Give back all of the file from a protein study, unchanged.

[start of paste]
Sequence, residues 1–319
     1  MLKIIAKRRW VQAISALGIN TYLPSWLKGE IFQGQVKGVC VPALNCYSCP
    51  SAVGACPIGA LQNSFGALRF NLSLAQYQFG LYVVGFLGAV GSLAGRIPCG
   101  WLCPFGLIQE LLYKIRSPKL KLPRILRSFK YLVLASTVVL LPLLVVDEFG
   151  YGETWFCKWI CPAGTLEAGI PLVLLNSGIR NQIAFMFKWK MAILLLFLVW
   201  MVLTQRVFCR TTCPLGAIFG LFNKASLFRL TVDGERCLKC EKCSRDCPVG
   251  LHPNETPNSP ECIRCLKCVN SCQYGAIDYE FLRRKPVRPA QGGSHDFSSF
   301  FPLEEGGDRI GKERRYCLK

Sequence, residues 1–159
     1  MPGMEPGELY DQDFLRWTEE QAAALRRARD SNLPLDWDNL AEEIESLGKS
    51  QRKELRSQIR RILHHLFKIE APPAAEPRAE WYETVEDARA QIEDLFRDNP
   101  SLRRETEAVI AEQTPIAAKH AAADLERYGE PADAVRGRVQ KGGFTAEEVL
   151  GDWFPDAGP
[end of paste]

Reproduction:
Sequence, residues 1–319
     1  MLKIIAKRRW VQAISALGIN TYLPSWLKGE IFQGQVKGVC VPALNCYSCP
    51  SAVGACPIGA LQNSFGALRF NLSLAQYQFG LYVVGFLGAV GSLAGRIPCG
   101  WLCPFGLIQE LLYKIRSPKL KLPRILRSFK YLVLASTVVL LPLLVVDEFG
   151  YGETWFCKWI CPAGTLEAGI PLVLLNSGIR NQIAFMFKWK MAILLLFLVW
   201  MVLTQRVFCR TTCPLGAIFG LFNKASLFRL TVDGERCLKC EKCSRDCPVG
   251  LHPNETPNSP ECIRCLKCVN SCQYGAIDYE FLRRKPVRPA QGGSHDFSSF
   301  FPLEEGGDRI GKERRYCLK

Sequence, residues 1–159
     1  MPGMEPGELY DQDFLRWTEE QAAALRRARD SNLPLDWDNL AEEIESLGKS
    51  QRKELRSQIR RILHHLFKIE APPAAEPRAE WYETVEDARA QIEDLFRDNP
   101  SLRRETEAVI AEQTPIAAKH AAADLERYGE PADAVRGRVQ KGGFTAEEVL
   151  GDWFPDAGP